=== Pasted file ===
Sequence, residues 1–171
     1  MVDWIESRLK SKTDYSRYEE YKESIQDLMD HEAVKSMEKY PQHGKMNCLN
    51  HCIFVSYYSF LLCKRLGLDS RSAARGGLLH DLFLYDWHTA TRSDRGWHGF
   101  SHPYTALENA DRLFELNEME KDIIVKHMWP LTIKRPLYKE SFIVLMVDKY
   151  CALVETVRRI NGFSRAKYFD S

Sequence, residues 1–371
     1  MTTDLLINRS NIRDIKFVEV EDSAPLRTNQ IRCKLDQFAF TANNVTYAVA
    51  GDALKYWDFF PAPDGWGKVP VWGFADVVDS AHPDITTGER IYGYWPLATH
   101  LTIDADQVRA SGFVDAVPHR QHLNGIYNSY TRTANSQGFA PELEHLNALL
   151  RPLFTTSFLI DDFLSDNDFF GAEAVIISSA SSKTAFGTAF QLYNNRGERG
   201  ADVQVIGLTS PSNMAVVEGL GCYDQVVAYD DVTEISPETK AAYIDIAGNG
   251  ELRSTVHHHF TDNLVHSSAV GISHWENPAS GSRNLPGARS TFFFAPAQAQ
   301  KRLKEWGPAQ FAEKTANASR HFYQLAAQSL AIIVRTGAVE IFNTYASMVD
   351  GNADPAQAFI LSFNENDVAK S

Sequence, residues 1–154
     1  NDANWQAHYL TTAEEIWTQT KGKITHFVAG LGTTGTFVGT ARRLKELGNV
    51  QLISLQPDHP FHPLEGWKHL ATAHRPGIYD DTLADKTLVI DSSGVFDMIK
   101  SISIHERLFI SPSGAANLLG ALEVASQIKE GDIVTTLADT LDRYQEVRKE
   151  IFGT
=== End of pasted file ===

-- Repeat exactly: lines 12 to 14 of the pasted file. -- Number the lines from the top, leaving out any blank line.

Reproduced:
   251  ELRSTVHHHF TDNLVHSSAV GISHWENPAS GSRNLPGARS TFFFAPAQAQ
   301  KRLKEWGPAQ FAEKTANASR HFYQLAAQSL AIIVRTGAVE IFNTYASMVD
   351  GNADPAQAFI LSFNENDVAK S